Expression of the 1,25-dihydroxyvitamin D3-24-hydroxylase gene in rat intestine: Response to calcium, vitamin D3 and calcitriol administration in vivo

Authors

  • Jacques Lemay,

    1. Centre de recherche clinique André-Viallet, Hǒpital Saint-Luc, Montréal, Canada
    2. Département de Pharmacologie, Faculté de médecine, Université de Montréal, Montréal, Canada
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  • Christian Demers,

    1. Centre de recherche clinique André-Viallet, Hǒpital Saint-Luc, Montréal, Canada
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  • Geoffrey N. Hendy,

    1. Departments of Medicine and Physiology and Royal Victoria Hospital, McGill University, Montréal, Canada
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  • Edgard E. Delvin,

    1. Departement de Biochimie, Faculte de médecine, Université de Montréal, Canada
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  • Marielle Gascon-Barré

    Corresponding author
    1. Centre de recherche clinique André-Viallet, Hǒpital Saint-Luc, Montréal, Canada
    2. Département de Pharmacologie, Faculté de médecine, Université de Montréal, Montréal, Canada
    • Centre de recherche clinique André-Viallet Hǒpital Saint-Luc 264 René-Lévesque Blvd. East Montréal (Québec), H2X 1P1, Canada
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Abstract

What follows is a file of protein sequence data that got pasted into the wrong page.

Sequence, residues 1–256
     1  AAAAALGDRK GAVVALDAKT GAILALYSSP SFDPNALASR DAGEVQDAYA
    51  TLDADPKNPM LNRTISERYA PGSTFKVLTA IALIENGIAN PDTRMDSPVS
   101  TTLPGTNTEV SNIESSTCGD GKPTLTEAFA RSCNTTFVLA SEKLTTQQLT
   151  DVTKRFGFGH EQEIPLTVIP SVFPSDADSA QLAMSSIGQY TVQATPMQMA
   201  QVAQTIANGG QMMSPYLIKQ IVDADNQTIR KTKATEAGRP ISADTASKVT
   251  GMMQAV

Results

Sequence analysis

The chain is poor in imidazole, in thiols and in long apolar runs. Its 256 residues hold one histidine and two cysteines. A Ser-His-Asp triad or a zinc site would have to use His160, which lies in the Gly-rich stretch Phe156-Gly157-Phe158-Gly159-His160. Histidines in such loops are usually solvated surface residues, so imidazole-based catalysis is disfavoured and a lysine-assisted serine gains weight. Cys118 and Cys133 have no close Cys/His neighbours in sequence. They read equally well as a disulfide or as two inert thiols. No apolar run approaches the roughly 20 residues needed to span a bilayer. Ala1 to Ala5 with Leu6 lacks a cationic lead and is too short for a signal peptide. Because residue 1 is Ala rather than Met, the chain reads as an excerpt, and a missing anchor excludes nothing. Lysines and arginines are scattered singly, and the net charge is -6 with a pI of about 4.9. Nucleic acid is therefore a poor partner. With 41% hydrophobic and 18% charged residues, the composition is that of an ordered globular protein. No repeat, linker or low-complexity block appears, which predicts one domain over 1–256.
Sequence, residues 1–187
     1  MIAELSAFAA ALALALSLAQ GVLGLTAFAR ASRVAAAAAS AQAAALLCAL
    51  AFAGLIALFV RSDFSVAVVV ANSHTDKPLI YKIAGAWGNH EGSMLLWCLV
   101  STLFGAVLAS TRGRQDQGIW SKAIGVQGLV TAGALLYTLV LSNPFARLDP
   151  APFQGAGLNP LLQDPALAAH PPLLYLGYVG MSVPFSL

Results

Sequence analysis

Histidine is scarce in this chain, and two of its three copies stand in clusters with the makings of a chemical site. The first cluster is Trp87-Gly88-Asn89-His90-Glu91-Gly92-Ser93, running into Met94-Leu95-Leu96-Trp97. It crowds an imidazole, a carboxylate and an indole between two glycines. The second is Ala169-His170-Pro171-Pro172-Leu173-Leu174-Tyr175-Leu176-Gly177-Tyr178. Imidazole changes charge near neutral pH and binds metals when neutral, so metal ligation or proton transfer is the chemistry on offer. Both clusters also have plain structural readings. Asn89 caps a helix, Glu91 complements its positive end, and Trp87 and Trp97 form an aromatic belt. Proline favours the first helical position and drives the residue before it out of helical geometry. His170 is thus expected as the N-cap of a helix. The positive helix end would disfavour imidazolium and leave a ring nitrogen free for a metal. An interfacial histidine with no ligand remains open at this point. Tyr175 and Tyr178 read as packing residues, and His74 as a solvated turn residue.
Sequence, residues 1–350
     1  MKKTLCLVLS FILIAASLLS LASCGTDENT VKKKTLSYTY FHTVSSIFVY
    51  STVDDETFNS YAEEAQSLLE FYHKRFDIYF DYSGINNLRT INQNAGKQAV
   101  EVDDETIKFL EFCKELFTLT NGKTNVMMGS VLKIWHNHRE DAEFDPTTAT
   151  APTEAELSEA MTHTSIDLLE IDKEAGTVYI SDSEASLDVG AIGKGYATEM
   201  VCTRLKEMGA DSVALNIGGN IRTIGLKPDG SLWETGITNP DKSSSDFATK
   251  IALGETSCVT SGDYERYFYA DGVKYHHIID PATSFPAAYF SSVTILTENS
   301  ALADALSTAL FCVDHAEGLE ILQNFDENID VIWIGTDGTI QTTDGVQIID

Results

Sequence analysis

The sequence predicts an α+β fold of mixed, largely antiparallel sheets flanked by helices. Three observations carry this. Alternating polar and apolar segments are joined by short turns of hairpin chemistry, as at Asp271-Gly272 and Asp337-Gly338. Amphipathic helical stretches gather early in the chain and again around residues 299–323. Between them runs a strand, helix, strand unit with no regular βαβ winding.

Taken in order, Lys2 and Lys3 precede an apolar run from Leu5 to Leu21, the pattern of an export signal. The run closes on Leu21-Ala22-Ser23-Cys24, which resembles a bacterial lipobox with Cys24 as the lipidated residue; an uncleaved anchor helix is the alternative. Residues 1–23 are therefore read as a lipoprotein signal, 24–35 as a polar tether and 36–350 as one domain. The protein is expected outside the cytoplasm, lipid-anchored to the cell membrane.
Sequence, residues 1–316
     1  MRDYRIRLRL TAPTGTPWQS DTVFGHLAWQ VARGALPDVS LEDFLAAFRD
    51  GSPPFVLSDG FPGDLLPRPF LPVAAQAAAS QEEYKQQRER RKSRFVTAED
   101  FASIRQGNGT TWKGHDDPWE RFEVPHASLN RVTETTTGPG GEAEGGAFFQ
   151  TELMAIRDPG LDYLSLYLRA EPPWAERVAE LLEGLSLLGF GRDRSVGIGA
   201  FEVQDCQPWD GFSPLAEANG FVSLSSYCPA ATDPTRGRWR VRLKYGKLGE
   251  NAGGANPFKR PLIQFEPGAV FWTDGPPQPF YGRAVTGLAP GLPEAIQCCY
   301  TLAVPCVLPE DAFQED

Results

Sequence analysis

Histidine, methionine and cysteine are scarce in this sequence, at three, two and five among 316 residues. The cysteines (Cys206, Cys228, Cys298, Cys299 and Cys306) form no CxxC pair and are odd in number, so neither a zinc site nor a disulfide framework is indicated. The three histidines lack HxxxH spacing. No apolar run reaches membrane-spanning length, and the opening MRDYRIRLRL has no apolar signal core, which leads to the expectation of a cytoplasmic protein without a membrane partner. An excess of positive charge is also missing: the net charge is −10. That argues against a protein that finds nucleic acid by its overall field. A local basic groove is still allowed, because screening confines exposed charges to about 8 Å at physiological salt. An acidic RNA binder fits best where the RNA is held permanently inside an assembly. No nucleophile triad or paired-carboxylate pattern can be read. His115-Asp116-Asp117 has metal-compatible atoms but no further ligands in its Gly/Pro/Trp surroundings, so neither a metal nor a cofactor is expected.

The 25(OH)D3/1,25(OH)2D3 24-hydroxylase (24-hydroxylase) displays an induction profile responsive to vitamin D (D) abundance and is hence only observed in normal extracellular Ca2+ concentrations. However, the participation of Ca2+ in the expression of the 24-hydroxylase gene in vivo is not known. The present studies investigate the role played by the circulating Ca2+ and the D3 and/or 1,25(OH)2D3 status on the 1,25(OH)2D3-mediated inducibility of the 24-hydroxylase gene in rat duodenum. Hypocalcemic D-depleted rats were supplemented with calcium alone to normalize serum Ca2+ without normalizing the D3 status or were acutely or chronically supplemented with D3 or 1,25(OH)2D3. Messenger RNA for the 24-hydroxylase was undetectable in the intestine of hypocalcemic D-depleted rats, and short- or long-term calcium supplementation was completely unsuccessful in inducing its expression. By contrast, acute 1,25(OH)2D3 administration led to significant increases in the levels of expression of the gene which was independent of the calcium intake, the prevailing circulating Ca2+, and the D3 or 1,25(OH)2D3 status. Moreover, 24-hydroxylase gene expression was only found to respond to acutely administered 1,25(OH)2D3, the mRNA levels being unaltered following continuous exposure to physiological or pharmacological doses of the hormone for 7 days. Time-course studies revealed, however, that induction of the gene was clearly apparent early in the 1,25(OH)2D3 supplementation course but gradually faded by 3 days to return to basal uninduced levels by 7 days, suggesting the presence of intestinal adaptation mechanism(s) which down-regulated the responsiveness in the continuous presence of 1,25(OH)2D3. Our data show the lack of effect of calcium alone or in combination with 1,25(OH)2D3 on the in vivo induction of the 24-hydroxylase gene expression in rat intestine. By rapidly reacting to surges in 1,25(OH)2D3 concentrations, the 24-hydroxylase efficiently controls the amount of 1,25(OH)2D3 in intestine as the first step in the biotransformation pathway aimed at the irreversible clearance of the secosteroid hormone. (J Bone Miner Res 1995;10:1148–1157)

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